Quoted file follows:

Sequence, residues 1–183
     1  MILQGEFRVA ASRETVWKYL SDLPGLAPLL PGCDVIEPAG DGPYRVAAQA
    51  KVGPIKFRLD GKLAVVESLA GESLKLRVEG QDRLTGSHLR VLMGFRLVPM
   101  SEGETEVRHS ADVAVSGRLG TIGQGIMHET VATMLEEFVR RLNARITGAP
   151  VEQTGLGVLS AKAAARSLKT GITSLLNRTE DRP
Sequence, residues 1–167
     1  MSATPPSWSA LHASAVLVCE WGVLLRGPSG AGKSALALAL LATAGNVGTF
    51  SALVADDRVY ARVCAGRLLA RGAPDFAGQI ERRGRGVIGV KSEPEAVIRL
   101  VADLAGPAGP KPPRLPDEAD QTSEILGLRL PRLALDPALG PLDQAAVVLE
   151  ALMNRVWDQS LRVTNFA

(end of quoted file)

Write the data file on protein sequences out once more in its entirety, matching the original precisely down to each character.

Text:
Sequence, residues 1–183
     1  MILQGEFRVA ASRETVWKYL SDLPGLAPLL PGCDVIEPAG DGPYRVAAQA
    51  KVGPIKFRLD GKLAVVESLA GESLKLRVEG QDRLTGSHLR VLMGFRLVPM
   101  SEGETEVRHS ADVAVSGRLG TIGQGIMHET VATMLEEFVR RLNARITGAP
   151  VEQTGLGVLS AKAAARSLKT GITSLLNRTE DRP
Sequence, residues 1–167
     1  MSATPPSWSA LHASAVLVCE WGVLLRGPSG AGKSALALAL LATAGNVGTF
    51  SALVADDRVY ARVCAGRLLA RGAPDFAGQI ERRGRGVIGV KSEPEAVIRL
   101  VADLAGPAGP KPPRLPDEAD QTSEILGLRL PRLALDPALG PLDQAAVVLE
   151  ALMNRVWDQS LRVTNFA